Chaos over premier's post as Libya slides into uncertainty
By Patrick Markey and Ahmed Elumami
TRIPOLI (Reuters) - Libya stumbled deeper into chaos on Thursday uncertain over who runs the country after rival prime ministers both claimed legitimacy in a confrontation threatening to turn into violence among rival factions.
Even by Libya's tumultuous standards, the North African oil producing state has veered closer to its most dangerous crisis in the three years since a NATO-backed uprising helped rebels put an end to Muammar Gaddafi's one-man rule.
After a contested vote in parliament three weeks ago, businessman Ahmed Maiteeq was appointed as Libya's third prime minister in two months with backing from Islamists and independents in the splintered General National Congress (GNC).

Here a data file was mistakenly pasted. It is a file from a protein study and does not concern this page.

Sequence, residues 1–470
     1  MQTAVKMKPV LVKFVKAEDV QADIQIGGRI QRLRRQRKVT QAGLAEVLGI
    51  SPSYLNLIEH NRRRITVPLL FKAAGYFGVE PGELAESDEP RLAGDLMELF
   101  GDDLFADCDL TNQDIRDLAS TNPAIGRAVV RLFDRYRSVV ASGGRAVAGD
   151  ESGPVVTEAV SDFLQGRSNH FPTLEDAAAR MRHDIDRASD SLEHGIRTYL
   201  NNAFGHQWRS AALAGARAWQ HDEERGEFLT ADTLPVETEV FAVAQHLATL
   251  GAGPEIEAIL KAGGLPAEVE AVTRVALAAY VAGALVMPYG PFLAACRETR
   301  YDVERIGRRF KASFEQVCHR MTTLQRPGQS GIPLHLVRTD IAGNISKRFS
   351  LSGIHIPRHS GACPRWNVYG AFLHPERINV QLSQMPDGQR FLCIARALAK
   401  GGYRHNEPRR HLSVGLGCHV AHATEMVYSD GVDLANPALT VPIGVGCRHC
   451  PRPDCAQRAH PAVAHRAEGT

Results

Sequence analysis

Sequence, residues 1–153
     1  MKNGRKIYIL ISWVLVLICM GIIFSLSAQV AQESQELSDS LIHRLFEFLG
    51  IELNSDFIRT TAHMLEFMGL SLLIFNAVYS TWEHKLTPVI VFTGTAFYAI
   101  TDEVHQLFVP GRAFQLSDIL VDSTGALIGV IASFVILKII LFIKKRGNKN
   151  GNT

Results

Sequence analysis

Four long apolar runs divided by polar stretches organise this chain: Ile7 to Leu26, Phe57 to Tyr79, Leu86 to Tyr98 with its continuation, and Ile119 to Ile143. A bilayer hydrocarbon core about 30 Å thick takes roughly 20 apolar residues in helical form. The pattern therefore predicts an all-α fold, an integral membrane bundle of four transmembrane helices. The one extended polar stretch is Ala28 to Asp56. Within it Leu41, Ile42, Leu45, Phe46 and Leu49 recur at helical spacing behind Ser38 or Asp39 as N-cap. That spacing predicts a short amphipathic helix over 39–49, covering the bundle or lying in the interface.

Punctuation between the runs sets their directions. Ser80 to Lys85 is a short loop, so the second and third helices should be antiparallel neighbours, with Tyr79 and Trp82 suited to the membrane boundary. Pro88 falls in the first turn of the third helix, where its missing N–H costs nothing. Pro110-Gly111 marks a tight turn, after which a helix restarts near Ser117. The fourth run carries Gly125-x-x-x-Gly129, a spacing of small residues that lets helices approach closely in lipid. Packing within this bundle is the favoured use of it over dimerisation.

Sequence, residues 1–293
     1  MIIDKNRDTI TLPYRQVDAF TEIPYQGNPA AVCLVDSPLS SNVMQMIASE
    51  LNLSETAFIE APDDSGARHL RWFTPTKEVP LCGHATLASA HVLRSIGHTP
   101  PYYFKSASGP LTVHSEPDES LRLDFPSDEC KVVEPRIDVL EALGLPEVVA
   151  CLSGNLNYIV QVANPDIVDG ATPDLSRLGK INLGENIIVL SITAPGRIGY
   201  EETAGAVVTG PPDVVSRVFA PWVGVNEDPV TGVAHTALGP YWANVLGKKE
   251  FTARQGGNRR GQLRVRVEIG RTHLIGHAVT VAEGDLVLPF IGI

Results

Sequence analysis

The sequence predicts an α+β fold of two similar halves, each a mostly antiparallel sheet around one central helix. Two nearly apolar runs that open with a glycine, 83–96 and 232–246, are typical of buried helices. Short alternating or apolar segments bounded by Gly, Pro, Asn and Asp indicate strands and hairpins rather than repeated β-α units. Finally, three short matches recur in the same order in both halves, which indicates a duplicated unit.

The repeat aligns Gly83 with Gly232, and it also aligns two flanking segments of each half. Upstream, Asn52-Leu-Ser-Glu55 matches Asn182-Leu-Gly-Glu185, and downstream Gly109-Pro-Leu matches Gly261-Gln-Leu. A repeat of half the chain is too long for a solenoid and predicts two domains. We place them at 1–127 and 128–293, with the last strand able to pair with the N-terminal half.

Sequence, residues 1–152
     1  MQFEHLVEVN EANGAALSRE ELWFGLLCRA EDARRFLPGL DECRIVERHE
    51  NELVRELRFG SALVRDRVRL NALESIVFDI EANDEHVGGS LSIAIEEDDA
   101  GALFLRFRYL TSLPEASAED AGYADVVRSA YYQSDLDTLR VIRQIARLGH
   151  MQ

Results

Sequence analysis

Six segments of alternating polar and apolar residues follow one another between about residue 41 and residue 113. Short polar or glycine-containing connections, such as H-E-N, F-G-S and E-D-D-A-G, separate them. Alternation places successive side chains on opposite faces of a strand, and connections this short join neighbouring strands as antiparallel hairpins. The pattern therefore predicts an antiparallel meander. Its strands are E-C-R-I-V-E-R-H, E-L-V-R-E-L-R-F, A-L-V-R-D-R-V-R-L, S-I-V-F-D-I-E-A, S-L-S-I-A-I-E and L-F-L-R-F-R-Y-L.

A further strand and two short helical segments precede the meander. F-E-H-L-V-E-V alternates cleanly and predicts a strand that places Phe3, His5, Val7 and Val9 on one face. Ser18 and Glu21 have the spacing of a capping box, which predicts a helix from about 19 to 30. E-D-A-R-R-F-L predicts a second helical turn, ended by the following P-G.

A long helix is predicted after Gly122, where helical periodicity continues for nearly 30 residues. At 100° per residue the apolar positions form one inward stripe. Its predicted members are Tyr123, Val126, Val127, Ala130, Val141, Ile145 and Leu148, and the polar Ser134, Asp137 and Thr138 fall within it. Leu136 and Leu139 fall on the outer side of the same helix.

On Wednesday, his predecessor acting Prime Minister Abdullah al-Thinni refused to hand over power after questioning the legality of Maiteeq's appointment by a parliament that many Libyans blame for their slow democratic advance.
That political standoff is part of a broader and potentially more explosive confrontation among the rival Islamist, anti-Islamist and regional factions vying to shape Libya's future.
The two prime ministers were waiting for further decisions from the GNC or a high court ruling on the election while a special commission mediated between the two parties on Thursday, officials and advisors said.
Addressing the country late on Wednesday, Thinni, a former defense minister who weeks ago announced his resignation because of an attempted attack on his family, dramatized the risks of a failure of negotiations.
"Our government warns of the dangers facing our homeland with political differences that may lead to a split in the country, a resort to arms and even foreign intervention," he said in a broadcast statement. Continued...